Sports Direct International’s inventory provision was £162.2m, and was highly material, while the website sales for FY2018 made up £679m. Grant Thornton identified both areas as a significant audit risk. 

In both cases, the regulator found that the Grant Thornton audit team failed to obtain sufficient appropriate audit evidence.

The regulator concluded that Grant Thornton failed to provide reasonable assurance that the 2016 and 2018 financial statements were free from material misstatement.

A spokesperson for Grant Thornton UK LLP said: “We are pleased to now conclude these long-running matters, which date back to 2016. Having invested significantly in the quality of our audits since this time, we have seen a marked improvement in our results and are confident that the issues identified by the FRC’s investigations, while limited to discrete areas of the audits, are not reflective of the work we produce today. 

“Today’s announcement marks the final outcome of legacy FRC investigations, all of which have been in the public domain for some time.” 

New auditor 

At the time of the FY2018 Audit, Grant Thornton had acted as auditor to Sports Direct International continuously since the high street retailer’s listing in February 2007. But Grant Thornton quit in 2019 after an unexpected £614m Belgian tax bill due to the VAT charges on goods moved within the EU. 

Grant Thornton throwing in the towel sparked a scramble from Sports Direct to find a new auditor, with RSM picking up the role after the Big Four refused to take Mike Ashley’s retail giant on. Sports Direct is also entangled in another dispute with Deloitte over a tax structure adopted on the guidance of the Big Four firm.

Replies (6)

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By Hugo Fair
18th Jul 2022 20:39

So where's the Audit Failures league table we've requested?
You could even have an annual A.F. Cup if the frequency doesn't let up!

Thanks (5)
Replying to Hugo Fair:
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By Hugo Fair
18th Jul 2022 20:45

Also shouldn't the fine be doubled every time a 'spokesperson' uses any of the following phrases:
* We have "invested significantly in the quality of our audits since this time";
* "we have seen a marked improvement";
* "we are confident that the issues are not reflective of the work we produce today".
It's yah-boo posturing that only equates to 'move along, nothing to see here'.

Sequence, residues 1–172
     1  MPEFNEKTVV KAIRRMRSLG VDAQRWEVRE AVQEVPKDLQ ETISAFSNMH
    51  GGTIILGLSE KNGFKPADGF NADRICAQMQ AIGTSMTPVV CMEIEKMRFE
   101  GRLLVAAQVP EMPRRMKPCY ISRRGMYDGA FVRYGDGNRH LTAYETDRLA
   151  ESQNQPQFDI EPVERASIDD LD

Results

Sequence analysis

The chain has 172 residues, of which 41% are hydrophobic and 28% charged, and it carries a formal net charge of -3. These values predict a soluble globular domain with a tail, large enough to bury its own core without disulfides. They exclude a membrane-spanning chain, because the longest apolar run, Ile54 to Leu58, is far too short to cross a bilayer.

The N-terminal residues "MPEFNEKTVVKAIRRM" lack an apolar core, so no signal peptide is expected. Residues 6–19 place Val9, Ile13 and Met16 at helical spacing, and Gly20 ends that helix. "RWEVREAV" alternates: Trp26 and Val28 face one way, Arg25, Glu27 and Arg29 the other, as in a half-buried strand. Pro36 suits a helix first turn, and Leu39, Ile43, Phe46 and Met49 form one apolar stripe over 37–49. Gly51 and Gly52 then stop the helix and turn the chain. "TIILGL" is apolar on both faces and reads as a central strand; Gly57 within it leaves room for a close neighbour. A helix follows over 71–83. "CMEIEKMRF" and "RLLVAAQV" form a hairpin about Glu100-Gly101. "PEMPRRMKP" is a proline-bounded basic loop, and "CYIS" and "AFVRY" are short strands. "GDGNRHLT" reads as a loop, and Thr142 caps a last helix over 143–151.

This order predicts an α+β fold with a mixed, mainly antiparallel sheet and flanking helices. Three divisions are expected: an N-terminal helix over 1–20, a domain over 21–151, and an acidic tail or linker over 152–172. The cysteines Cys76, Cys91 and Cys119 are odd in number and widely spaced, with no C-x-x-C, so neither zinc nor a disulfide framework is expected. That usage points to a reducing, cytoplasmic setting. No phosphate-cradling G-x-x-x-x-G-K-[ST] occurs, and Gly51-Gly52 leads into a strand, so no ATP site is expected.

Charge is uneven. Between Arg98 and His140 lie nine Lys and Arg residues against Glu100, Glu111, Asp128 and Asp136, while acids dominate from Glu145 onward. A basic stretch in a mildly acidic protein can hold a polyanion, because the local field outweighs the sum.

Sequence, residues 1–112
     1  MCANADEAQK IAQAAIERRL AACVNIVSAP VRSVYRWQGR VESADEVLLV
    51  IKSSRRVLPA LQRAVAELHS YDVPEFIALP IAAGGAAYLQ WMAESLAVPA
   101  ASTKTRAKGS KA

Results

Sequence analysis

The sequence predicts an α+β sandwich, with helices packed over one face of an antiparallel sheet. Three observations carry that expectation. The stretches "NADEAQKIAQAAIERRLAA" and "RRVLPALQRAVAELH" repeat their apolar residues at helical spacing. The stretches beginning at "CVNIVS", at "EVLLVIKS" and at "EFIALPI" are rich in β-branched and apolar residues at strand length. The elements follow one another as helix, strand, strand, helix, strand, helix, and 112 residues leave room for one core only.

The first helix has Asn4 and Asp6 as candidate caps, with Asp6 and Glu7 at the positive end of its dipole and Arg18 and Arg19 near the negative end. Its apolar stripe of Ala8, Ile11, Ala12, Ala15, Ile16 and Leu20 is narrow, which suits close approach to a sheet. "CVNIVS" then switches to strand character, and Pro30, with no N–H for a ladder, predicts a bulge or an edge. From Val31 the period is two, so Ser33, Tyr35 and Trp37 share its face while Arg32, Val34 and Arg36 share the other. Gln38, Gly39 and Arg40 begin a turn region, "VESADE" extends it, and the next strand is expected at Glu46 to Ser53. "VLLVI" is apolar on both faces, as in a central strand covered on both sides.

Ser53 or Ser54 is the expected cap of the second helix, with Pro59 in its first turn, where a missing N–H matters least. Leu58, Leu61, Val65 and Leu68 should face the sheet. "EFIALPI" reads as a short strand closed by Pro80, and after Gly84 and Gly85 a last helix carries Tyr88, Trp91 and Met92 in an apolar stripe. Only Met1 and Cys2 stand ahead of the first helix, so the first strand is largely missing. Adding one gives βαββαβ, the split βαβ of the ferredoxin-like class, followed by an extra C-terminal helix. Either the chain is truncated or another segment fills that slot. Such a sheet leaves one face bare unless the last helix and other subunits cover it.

Thanks (4)
Replying to Hugo Fair:
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By Paul Crowley
19th Jul 2022 16:04

If the spokesperson just spouts rhetoric then better and more concise not to quote but to state the number of the standard excuse/comment, and the number of times this excuse has been used in the last 12 months

Thanks (3)
Replying to Paul Crowley:
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By Hugo Fair
19th Jul 2022 18:07

Great idea ... evolution in progress ... hope that Aweb's watching?

Thanks (3)
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By JustAnotherUser
19th Jul 2022 08:15

"We are pleased to now conclude these long-running matters, which date back to 2016."

Change to...

"we are pleased these things take so long, they caught us here but due to the obscene time it takes the FRC to do anything we will continue to skirt the law, bend and break the rules and absorb any fines into the cost of doing business. I mean just look at accountingweb, its a new fine every day for someone"

Thanks (2)
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By mkowl
20th Jul 2022 09:24

I assist a client in their dealings with the UK auditor, preparing the stat accounts etc. This year there is a tenacious audit senior, which is no bad thing aside from the fact of his apparent arrogant attitude, clearly he hasn't yet attended the soft skills course. But once he has worked on that side and accept that he could be wrong, then perhaps more of said type are needed in the profession. My overriding memory of formative years were the nodding dogs that produced a lovely file were more favourably received than the ones that caused the managers to actually do work